Legal and Compliance Executive Search Blog

Trends in Corporate Legal Departments

Posted by Momentum Search Partners on Tue, Jun 24, 2014
trends in corporate legal departmentsOur team of Texas legal recruiters recently attended the annual conference of the National Association of Legal Search Consultants (NALSC), the professional organization that promulgates ethical standards and best practices in the legal recruiting profession. The key note speech was presented by James Merklinger, Vice President and General Counsel of the Association of Corporate Counsel. His talk about in-house legal department trends was insightful and we thought would be of interest to many of our readers. Below is a brief summary with our annotations:

Biggest challenges for hiring in-house counsel:

Legal departments desire, first and foremost, attorneys with not just hard legal skills but also business acumen, project management skills, and an understanding of performance metrics.

Legal departments are now required to operate more like independent business units and use metrics to gauge their performance – thus the need for attorneys who can apply business principals to the legal department. For more information on corporate legal department metrics see this link: http://www.acc.com/legalresources/publications/topten/ttmtyldsbt.cfm

Higher job satisfaction reported by In-house Counsel:

86% of in-house attorneys report high job satisfaction. They most enjoy their role in helping one client achieve its objectives - not just providing legal counsel on a project by project basis. They also enjoy working with others who are collegial and team-oriented.

Personality and Interpersonal Skills are important criteria for hiring:

Because of the collaboration and team-oriented nature of an in-house role, interpersonal skills and the ability to get along and communicate well are key considerations for hiring attorneys in corporate legal departments. They are concerned with whether candidates are “nice.”

In-house attorneys are Getting Younger:

60% are Gen X&Y and 40% are Baby Boomers (out of 30,000 ACC members surveyed).

Some companies, such as IBM, are hiring new law school graduates to lower salaries and train to their specific company methods and culture.

Companies are expected to add more in-house attorneys as an effort to decrease outside legal costs.

Due to the high hourly rates charged by outside counsel, companies will continue to find it cost effective to hire in-house counsel.

Most Popular Job Categories posted on ACC job board:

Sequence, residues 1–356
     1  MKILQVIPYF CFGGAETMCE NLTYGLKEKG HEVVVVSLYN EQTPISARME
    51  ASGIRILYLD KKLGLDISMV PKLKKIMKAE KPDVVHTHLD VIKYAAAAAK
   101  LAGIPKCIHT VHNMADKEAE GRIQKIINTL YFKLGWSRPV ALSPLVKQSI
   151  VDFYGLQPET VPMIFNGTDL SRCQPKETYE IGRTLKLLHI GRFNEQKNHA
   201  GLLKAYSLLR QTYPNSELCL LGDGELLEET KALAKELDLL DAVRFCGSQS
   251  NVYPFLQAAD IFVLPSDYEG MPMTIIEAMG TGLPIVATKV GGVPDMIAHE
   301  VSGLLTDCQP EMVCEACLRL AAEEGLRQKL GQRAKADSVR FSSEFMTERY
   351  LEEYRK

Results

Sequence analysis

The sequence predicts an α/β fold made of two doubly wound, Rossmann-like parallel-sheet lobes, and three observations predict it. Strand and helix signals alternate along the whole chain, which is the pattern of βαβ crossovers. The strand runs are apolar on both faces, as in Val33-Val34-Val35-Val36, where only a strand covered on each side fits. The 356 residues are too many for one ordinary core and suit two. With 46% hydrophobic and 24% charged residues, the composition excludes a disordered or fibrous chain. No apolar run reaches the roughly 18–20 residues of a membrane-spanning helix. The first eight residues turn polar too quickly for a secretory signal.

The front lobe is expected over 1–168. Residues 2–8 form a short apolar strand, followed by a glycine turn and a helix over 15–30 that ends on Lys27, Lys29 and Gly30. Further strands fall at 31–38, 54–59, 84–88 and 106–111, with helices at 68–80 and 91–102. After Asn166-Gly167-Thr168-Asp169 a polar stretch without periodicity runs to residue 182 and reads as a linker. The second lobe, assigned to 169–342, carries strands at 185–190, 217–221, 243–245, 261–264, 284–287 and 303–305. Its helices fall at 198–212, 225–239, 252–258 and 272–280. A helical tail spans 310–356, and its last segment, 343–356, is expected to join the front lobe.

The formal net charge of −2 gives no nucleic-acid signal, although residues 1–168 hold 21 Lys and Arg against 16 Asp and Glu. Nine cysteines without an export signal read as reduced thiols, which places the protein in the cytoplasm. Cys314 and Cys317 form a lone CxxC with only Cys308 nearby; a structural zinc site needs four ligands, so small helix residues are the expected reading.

• Contracts
  • Commercial
  • Compliance
  • Securities
  • Transactional
  • Intellectual Property
  • Pharmaceutical
  • Technology
  • Finance
  • Other

Top Skills in Demand:

  • Compliance
  • Regulatory
  • Data privacy/breaches
  • Intellectual Property/Technology/Social Media
  • Mergers & Acquisitions
  • Ability to work with C-Suite executives
  • Leaders who work with others as a business partner and who understands business
  • Can do much more than just strictly legal work – wear lots of hats

In-house attorneys need to understand the different nature of an in-house role and realize they may not be viewed favorably.

This can be a difficult transition for private practice attorneys. Often in-house lawyers are seen as presenting obstacles to what business people want to do and overly concerned with the legal aspects of a proposal. Hiring attorneys are trying to find attorneys who, rather than being an obstacle, can help the business team accomplish their goals in a way that minimizes risk. Being able to communicate legal issues in plain, simple terms is also often a challenge for attorneys making the transition from law firms to in-house.

In-house attorneys are often required to train other department employees on legal issues.

Training is now often a key part of an in-house counsel’s role. This is another reason why interpersonal skills and the ability to communicate well are critical skills for in-house lawyers today.

Our experience at Momentum Search Partners confirms many of these observations. We routinely hear from our in-house clients how important business understanding is to their hiring criteria, and how critical it is that attorneys understand the different role of an in-house attorney and have good interpersonal skills and the ability to communicate well.

Attorneys wanting to move in-house would do well to promote their own business skills by taking business courses, getting involved with business clients whenever possible, and offering to help clients with business matters pro-bono. The ACC website has some great resources, including their “Value Challenge” workshop. And remember to be nice.

Topics: job success, in house, general counsels